A View from the Hill

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As always, Washington has been hectic. Here is what you need to know in a snapshot. 

On Nov. 15, President Joe Biden held a virtual summit with Xi Jinping, President of China. The summit focused on creating a more hospitable relationship between the two world powers. It has been no secret that the United States and China have been fiercely competing for hegemony in recent decades. China’s rapid economic growth has been nothing short of astonishing. To be frank, it is daunting. 

The competition between the two powers will not stop or slow down soon. However, the summit was designed for the two countries to lay out an approach where responsible competition can happen. China has been at the forefront of Biden’s foreign policy, but this is the first time the two leaders are meeting in person since Biden was elected. The U.S. has been trying to get China to play by international rules and norms that everyone has to follow for years. Will this summit be the moment that China begins to be an international asset instead of a liability? Unlikely, but this could be the first step in the two countries building a more compatible relationship where the needed change could happen. Time will tell if Biden can do what past Presidents have failed to do.

Last week, Judge Tanya S. Chutkan of the U.S. District Court for the District of Columbia rejected former President Donald Trump’s bid to keep his papers secret about his behavior and conservations before the event of Jan. 6. While the ruling will be appealed the historical precedent is not on Trump’s side. Congressman Bennie Thompson is right in saying, “Throughout our country‚Äôs history, the executive branch has provided Congress with testimony and information when it has been in the public interest.” There is a public interest in finding out what happened that day. When the National Archives will turn over the paperwork is yet to be seen, but it appears that the American people are going to see what was said leading up to the events of Jan. 6, 2021.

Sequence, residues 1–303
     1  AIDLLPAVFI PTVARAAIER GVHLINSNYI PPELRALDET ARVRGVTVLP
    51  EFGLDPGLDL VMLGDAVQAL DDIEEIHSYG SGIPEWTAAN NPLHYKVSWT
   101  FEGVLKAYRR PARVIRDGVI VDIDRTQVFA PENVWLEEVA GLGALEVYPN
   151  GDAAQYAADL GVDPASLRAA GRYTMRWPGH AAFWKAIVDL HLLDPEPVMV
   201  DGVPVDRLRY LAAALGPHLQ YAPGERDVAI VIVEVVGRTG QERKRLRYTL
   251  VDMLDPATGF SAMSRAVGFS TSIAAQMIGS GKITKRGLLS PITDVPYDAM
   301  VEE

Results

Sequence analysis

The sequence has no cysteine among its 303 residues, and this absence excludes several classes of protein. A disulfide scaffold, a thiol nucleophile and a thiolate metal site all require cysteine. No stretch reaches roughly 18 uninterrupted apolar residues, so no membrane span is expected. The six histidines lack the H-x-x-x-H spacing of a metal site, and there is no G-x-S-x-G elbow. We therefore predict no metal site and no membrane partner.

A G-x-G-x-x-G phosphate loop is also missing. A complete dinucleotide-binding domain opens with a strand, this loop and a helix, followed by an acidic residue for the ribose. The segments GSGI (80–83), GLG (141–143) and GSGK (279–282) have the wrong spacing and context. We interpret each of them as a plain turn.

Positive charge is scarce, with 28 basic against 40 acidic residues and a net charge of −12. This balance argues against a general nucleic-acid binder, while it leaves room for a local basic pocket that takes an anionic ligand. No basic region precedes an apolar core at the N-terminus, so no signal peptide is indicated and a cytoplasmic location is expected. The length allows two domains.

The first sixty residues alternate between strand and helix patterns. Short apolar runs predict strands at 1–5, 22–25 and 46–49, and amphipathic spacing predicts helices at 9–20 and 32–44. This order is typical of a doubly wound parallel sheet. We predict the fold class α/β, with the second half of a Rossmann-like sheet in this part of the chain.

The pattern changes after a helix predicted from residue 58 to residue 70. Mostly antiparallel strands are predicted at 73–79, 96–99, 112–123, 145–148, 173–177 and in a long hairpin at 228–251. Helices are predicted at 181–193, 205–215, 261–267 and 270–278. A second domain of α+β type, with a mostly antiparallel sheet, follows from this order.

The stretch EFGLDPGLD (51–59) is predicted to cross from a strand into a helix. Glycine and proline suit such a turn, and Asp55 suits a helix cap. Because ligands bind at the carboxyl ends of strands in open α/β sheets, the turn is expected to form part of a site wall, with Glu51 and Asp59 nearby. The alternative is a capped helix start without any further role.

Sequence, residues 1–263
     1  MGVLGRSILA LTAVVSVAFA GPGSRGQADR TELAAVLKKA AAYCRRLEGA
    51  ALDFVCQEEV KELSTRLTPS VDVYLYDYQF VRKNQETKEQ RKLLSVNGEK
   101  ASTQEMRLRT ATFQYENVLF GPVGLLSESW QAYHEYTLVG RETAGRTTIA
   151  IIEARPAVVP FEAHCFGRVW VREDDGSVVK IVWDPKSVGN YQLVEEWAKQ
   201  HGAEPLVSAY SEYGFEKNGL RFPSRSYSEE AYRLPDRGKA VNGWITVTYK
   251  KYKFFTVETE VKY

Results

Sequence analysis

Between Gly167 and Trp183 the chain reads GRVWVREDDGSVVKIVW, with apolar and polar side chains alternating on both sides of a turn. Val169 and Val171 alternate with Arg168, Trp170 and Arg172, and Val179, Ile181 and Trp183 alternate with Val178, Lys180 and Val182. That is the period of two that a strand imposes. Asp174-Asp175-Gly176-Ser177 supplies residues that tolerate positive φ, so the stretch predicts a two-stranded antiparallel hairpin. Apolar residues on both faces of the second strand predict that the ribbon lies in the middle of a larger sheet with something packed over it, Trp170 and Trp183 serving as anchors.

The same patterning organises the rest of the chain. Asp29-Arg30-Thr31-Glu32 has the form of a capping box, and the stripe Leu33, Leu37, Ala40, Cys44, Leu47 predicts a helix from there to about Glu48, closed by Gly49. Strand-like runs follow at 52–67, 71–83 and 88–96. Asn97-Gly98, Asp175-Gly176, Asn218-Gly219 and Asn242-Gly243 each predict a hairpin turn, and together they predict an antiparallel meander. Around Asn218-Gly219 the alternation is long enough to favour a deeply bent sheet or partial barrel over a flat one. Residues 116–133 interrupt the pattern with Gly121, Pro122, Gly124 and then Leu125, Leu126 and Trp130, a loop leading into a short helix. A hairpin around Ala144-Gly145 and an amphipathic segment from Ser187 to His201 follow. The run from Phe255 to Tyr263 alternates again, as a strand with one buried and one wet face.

The October Consumer Price Index sent off warning signs across the country this past week. The Price Index showed that prices had increased by 6.2% in October, the highest rate of inflation since 1990. To say that Biden and his administration are worried would be a gross understatement. To understand the implications of the cost of living increasing by so much does not take a degree from the London School of Economics. People do not like spending more on goods than they have in the past. The reality is that after a recession of the magnitude caused by the COVID-19 pandemic, there will be inflation as the market returns to normalcy. That is not the problem for the Biden administration.

The issue facing the Biden administration is how long prices will be this high and how they can calm American nerves. In theory, prices will return to the normal rate after the supply chains can catch up and meet the high demands made by the consumer. As manufacturers return to their output levels seen before the pandemic, they should be able to meet the demand that has created higher prices. As Republicans have noted, this could be an omen for something worse.


The quick increase of the Price Index could drastically change the expectations of consumers and businesses across the country theoretically creating a scenario where the higher prices we see today are here to stay. Which scenario will happen will be debated by economists and politicians until we know for sure. Still, Biden will have to respond. Most Americans vote with their wallet, especially when their wallet is hurting. Midterms are coming, and if Biden cannot reverse the trend or calm American nerves, there will be cataclysmic losses in congressional, gubernatorial and local races for the Democratic Party.

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